feb 27/4 MILES

36 degrees
west mississippi river road /lake street bridge/marshall hill

Ran with headphones today, listening to a playlist. Have decided that running without headphones is better for connecting to the running and for thinking. Music can distract and isolate me from the external world. Sometimes that’s good; I like to feel separated. But not all of the time.

Ran past the spot where a runner was killed just last Wednesday; hit by a “distracted driver” (cell phone? drugs? alcohol?) while crossing the street in the crosswalk. Very sad and scary. This is one of my regular routes and I’ve run in that crosswalk dozens of times. Not today. From now on, I’m running on the steps that lead directly up to the bridge instead of crossing the road and taking the easier climb. With my macular dystrophy, crossing roads is already dangerous enough. I can’t always trust that I’ll see a car coming. I don’t need the added risk of distracted drivers.

feb 26/5 MILES

32 degrees
mississippi river road walking path

A beautiful Sunday morning. Decided to challenge myself to running without headphones. Focused on listening.

Things I heard while running, a list

  • Crows cawing
  • Other birds chirping and cooing
  • A woodpecker pecking
  • Geese honking
  • The swoosh of cars as they drive by on the river road
  • The worn wheels of a car, plodding along the river road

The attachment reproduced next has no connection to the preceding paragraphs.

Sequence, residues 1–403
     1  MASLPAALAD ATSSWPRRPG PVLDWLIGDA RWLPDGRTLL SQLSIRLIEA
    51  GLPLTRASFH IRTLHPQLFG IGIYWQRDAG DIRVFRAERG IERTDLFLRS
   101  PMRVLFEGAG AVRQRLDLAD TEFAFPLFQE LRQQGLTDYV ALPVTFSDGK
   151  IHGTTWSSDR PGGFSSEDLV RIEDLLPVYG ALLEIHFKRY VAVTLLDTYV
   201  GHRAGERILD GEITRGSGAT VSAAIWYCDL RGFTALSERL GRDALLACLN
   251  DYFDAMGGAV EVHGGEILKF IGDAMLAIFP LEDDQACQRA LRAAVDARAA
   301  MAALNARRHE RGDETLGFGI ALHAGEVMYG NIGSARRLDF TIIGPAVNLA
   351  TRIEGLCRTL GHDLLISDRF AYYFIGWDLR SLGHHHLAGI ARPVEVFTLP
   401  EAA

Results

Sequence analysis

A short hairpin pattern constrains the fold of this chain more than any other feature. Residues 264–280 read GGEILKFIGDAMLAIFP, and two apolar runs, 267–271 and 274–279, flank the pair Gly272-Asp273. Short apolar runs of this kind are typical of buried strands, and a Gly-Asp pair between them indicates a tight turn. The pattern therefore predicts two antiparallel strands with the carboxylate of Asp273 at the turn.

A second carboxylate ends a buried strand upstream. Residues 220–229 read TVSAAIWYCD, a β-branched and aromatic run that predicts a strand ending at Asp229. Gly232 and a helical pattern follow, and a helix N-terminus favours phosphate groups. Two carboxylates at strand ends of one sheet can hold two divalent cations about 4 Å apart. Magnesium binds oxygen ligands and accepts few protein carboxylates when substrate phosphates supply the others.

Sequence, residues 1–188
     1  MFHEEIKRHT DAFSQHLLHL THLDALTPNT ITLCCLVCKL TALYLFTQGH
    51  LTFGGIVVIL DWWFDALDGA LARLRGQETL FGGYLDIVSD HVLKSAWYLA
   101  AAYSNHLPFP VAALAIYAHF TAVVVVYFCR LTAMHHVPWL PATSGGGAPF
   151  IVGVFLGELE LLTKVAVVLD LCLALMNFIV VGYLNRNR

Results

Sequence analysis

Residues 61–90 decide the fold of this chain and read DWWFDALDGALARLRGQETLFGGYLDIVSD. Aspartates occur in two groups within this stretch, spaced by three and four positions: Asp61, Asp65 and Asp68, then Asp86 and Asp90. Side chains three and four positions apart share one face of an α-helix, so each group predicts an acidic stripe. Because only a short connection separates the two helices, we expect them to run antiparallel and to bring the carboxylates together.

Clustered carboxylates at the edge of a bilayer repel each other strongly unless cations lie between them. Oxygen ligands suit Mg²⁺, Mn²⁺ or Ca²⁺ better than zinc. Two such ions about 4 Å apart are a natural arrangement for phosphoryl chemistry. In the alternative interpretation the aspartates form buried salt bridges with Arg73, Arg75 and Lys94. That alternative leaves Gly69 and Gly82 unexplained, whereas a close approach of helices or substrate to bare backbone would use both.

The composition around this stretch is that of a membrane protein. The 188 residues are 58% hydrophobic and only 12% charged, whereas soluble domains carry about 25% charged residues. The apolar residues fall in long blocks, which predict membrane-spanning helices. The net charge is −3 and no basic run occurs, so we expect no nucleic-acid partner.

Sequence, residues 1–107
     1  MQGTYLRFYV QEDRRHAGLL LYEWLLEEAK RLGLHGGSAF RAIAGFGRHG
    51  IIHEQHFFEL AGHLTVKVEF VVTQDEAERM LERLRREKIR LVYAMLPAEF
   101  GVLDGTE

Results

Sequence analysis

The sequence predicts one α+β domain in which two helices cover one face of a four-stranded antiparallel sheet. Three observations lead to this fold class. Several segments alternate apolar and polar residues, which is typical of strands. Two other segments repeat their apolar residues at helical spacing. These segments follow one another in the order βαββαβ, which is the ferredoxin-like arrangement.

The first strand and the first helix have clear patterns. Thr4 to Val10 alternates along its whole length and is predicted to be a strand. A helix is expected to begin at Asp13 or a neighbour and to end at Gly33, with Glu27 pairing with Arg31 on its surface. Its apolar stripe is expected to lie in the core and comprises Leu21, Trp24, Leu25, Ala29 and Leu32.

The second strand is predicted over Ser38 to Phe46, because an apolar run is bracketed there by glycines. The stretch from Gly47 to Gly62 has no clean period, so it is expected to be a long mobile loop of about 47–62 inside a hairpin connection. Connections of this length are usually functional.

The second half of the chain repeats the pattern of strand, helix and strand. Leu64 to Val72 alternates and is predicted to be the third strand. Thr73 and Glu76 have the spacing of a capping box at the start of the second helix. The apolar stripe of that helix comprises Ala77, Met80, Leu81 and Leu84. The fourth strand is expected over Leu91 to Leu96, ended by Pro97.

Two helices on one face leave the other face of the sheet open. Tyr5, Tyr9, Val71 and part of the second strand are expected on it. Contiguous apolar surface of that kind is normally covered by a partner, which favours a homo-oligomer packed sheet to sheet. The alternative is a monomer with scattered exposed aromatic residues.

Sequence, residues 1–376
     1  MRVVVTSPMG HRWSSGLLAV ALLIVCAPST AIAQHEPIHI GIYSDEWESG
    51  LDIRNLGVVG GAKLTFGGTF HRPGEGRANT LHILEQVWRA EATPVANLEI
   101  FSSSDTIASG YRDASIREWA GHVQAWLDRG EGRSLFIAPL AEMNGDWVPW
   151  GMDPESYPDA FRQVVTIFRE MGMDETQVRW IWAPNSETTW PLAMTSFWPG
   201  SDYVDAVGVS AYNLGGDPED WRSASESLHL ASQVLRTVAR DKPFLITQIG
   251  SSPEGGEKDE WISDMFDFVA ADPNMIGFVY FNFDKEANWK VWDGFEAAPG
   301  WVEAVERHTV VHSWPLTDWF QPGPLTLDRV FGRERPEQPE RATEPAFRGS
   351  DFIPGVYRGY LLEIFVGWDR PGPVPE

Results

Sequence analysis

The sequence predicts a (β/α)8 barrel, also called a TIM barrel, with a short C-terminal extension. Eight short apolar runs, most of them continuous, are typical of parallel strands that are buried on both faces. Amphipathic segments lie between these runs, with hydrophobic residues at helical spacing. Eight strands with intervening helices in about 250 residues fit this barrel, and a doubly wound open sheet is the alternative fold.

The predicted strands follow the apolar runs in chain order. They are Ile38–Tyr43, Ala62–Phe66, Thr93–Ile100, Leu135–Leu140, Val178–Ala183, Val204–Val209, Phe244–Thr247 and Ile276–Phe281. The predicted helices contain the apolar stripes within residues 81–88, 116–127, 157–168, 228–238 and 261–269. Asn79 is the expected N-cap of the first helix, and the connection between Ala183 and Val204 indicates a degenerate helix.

• Some funky music, playing from a radio on a bike
  • The sharp thud of my shoes on the paved path
  • The dull thud of my shoes on dirt and debris on the path
  • The crunch of my shoes on salt and gravel on the path
  • My breathing, usually slow and measured, occasionally quick and labored, like when climbing the Franklin hill
  • My zipper pull, rhythmically banging against my jacket as I run
  • An airplane, faint and far above my head
  • The wind rushing by my ears
  • The wind rustling in the dead leaves that never fell off the trees this past fall
  • Cars thumping above my head as I pass under the Lake Street Bridge
  • The quick and unexpected laughter of a woman on a path below me
  • Bike wheels, rapidly approaching
  • Phantom steps from runners who seem to be gaining on me, yet never pass, managing to turn off onto another path before reaching me. The crunch of their shoes is so slight that I wonder if they even exist, or if I’m imagining them
  • The clanging of a dog’s chain
  • A walker talking quietly on a phone
  • Children faintly laughing

That’s all I can remember.

Here’s a quick video I took just after finishing my run. Not the greatest quality, but effective at reminding me of what I saw when I was done running.

feb 23/10 MILES

33 degrees
mississippi river road walking path/stone arch bridge

I did it. 10 miles without stopping. I have run this distance before. I’ve even raced it four times. But doing a 10 mile training run still seems like a big deal, especially one with so many huge hills. I experimented with fueling by eating a mini pretzel starting at 30 minutes in and then every 10 minutes. That worked. Will it work during a marathon? I doubt it; that’s a lot of 10 minutes and a lot of pretzels.

Currently reading Jen A. Miller’s Running, a love story. Miller mentions Katherine Jeffers Schori, so I looked her up. In an interview with Runner’s World, Schori says this when asked if she feels running helps with her work:

Absolutely. It’s focusing for me. In my tradition we might talk about it as body prayer. It’s a meditative experience at its best. It’s a sort of emptying of the mind.

Body prayer. I like this idea. I want to learn more about it.

feb 18/9 MILES

59 degrees
mississippi river road